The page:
I think that I like the Brazilian (Portuguese) title, “Flores Raras”), better than the America (English) one, “Reaching for the Moon” for the 2013 Brazilian movie (almost entirely in English) about Elizabeth Bishop’s (1911-79; played by Miranda Otto [Lord of the Rings]) Brazilian sojourn with fairly butch architect Lota de Macedo Soares (1910-67; she is compellingly played by Gloria Pires).
On the advise of fellow poet Robert “Cal” Lowell (Treat Williams), Bishop sets off (in 1951) on a “geographic cure” to South American trip, stopping to visit her college (Vassar) friend Mary (Tracy Middenford) who is living with the no-nonsense Lota, whose family is rich and influential in Brazil.
While visiting the country (outside Ouro Preto) place Lota is building, Bishop, who is allergic to nuts, eats some cashew fruit and gets sick, missing the departure of her boat to her next port of call. Lota puts the move on the very uptight norteño, much to the dismay of Mary, who is eventually bought off by Lota buying a baby girl from a poor family for Mary.
Though an alcoholic with frequent writer’s block (and/or perfectionism), Bishop does some work that wins her a Pulitzer Prize (in 1956 for North and South-A Cold Spring) and, later (1970), a National Book Award for her Complete Poems (1969). Lota pushes forward her (modernist tending to brutalist) design for Flamengo Park (between Downtown Rio and Copacabana ) in Rio de Janeiro. (Rio’s Museum of Modern Art is in that park, btw.)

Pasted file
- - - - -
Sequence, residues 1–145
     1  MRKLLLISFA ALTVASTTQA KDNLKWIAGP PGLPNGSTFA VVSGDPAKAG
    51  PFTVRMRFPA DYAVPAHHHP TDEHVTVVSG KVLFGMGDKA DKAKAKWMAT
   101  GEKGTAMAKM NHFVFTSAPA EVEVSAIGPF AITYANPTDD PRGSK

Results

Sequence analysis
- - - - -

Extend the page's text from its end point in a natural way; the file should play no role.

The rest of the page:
Eventually Bishop accepts a one-semester teaching post back in the US (at NYU; I think her first academic post was at the University of Washington, followed by Harvard) and Lota shows she is not as strong as she appears. Like 1950s representation of gay and lesbian liaisons, there is a tragic ending for the gender-nonconforming partner.
The movie is fairly conventional biopic, if closer to fact than many (based on a book by Carmen L. Oliveira), and about a lesbian poet, as few movies are! The melodrama is not imported to/for the movie. It is very scenic, shot beautifully by Mauro Pinheiro Jr. (Alice’s House).
Director Bruno Barreto earlier directed some of the few Brazilian films exported to the US: “Dona Flor and Her Two Husbands” (1976), “Four Days in September” (1997 also mostly in English, starring Alan Arkin as a kidnapped US ambassador), and “Bossa Nova” (2000). Pires is a star in Brazil, but largely unknown elsewhere and very impressive.
(BTW it is Lota who reaches for the moon in her highly elevated light fixtures for Flamengo Park. Bishop remains earthbound, though gaining some appreciation for Brazil and Latin American literature (especially Octavio Paz).)